Mississippi, with the picturesque river, magnolia scented evenings, and antebellum mansions is the quintessential southern state. However, there is much more to this, our 20th state, than confederate attitudes and racial tension. "The state never adopted progressive ideas or embraced social change with any enthusiasm. History made Mississippi a conservative place. " (Woodard, 2006) Organized on April 7, 1798, from territory ceded by Georgia and South Carolina, Mississippi expanded twice to include disputed territory claimed by both the U. S. and Spain. Land was purchased from Native American tribes from 1800 to about 1830.

Mississippi was admitted to the Union December 10, 1817. Mississippi became the second state to secede from the Union on the cusp of the Civil War, January 9, 1861. Briefly forming the Republic of Mississippi, not one Mississippian voted in favor of Abraham Lincoln. Mississippi ranked as the third largest slaveholding state in the nation with nearly 437,000 slaves. This represented slightly more than half of the state's total population. From 1810 to 1820, the enslaved population on the Mississippi frontier grew by more than 90%.

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The span of 1830 to 1840, Mississippi's white population grew by a whopping 154%, while the state's slave population grew by 197%. " (Mississippi Slave Laws Summary and Record , 2004) The slaves in Mississippi mainly resided on cotton plantation. Before the invention of the cotton gin, the slaves had to manually hand pick the seeds out of the cotton plants. The average plantation owner owned 14. 1 slaves. They tended to cultivate both corn and cotton because of their complimentary growth cycles.

Slave uprisings and other insurrections forced legislature to find ways of regulating the massive slave population. Slave laws or "black codes" were introduced. Mississippi government even made it clear that freemen were not wanted there. Offenders would be sold into slavery, regardless of status. Runaway slaves were to be captured and returned to their owners at all costs. Black men could take the stand in a trial if no white witnesses were available, as long as it was not against their owner. Even though the south has become the heartland for slavery, the whole nation is responsible for upholding it.

Our constitution required Free states to return fugitive slaves, and it enhanced the South's power in Congress and the Electoral College by counting three-fifths of the slave population in determining a state's representation. Of sixteen presidential elections between 1788 and 1848, all but four placed a Southern slaveholder in the White House. While the northern states may not have taken it to the level that the south did, they are not innocent on the issue of slavery. After the Civil War, the idea of Reconstruction entered.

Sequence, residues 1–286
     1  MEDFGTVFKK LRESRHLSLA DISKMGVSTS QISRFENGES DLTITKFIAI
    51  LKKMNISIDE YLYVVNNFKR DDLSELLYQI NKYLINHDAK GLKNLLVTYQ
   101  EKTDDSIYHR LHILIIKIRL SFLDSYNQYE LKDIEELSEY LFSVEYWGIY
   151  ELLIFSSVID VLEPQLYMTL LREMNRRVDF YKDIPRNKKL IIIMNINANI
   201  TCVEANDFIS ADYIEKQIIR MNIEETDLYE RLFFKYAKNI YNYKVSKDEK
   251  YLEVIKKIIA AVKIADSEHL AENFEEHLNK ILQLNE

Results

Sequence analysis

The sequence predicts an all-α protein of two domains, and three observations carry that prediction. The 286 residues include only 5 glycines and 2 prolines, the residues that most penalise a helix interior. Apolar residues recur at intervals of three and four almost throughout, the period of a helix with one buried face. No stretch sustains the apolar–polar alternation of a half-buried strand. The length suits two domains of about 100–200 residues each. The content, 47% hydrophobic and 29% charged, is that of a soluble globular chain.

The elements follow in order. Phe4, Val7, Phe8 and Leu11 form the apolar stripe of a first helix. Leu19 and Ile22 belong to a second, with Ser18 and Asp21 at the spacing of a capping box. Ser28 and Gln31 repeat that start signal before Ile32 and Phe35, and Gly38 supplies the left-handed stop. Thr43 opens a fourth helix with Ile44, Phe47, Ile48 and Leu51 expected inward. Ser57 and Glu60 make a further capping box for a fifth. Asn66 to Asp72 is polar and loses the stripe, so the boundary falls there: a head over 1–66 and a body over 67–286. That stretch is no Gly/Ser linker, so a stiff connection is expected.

Historically, Reconstruction can be broken down into three distinct sections over a span of 1863-1877. While the Civil War was still in play, Abraham Lincoln and Andrew Johnson had hopes of quickly reuniting the country. The Emancipation Proclamation can be viewed as the beginning tactic. While freeing the slaves was a product of the proclamation, political ploy was definitely a factor. By freeing the slaves, Lincoln assumed they would join forces with the Union therefore elimination the backbone of the South's fight. Congressional Reconstruction was the period of 1866-1873.

During this time, civil rights were emphasized and voting rights of the freedmen were enforced. 1873-1877 marked the end for reconstruction when white southern democrats took control of all southern states. Black codes were implemented as a way to hinder the rights of the newly freed African Americans. Even after the 13th amendment abolished slavery, the slaves were only given second-class citizen rights and still did not have the right to vote. After winning large majorities in the 1866 elections, the Republicans put the South under military rule.

New elections where held in which free black men could vote. The new governments repealed all the Black Codes and they were never reenacted. After reconstruction, the south was put under military rule. There were provisions that each state had to meet in order to be readmitted into the Union. Each state had to produce a new constitution but before it would go into effect, it had to be approved by congress. Confederate states had to agree to give voting rights to all men as well as ratify the 15th amendment. Complying with the rules, Mississippi was readmitted to the union February 17, 1870.

Mississippi surprised congress by electing Hiram Revels as a U. S. senator. Mississippi was readmitted to the Union, but the New York Herald predicted that Revels would never be allowed to take his Senate seat--especially since Mississippi's most recent senator had been Jefferson Davis, who had walked out to become president of the Confederacy. In fact, political bickering did delay approval of the new senator's credentials. Finally he was seated on February 25, 1870 and held the office until March 3, 1871, becoming the first African American U. S. senator.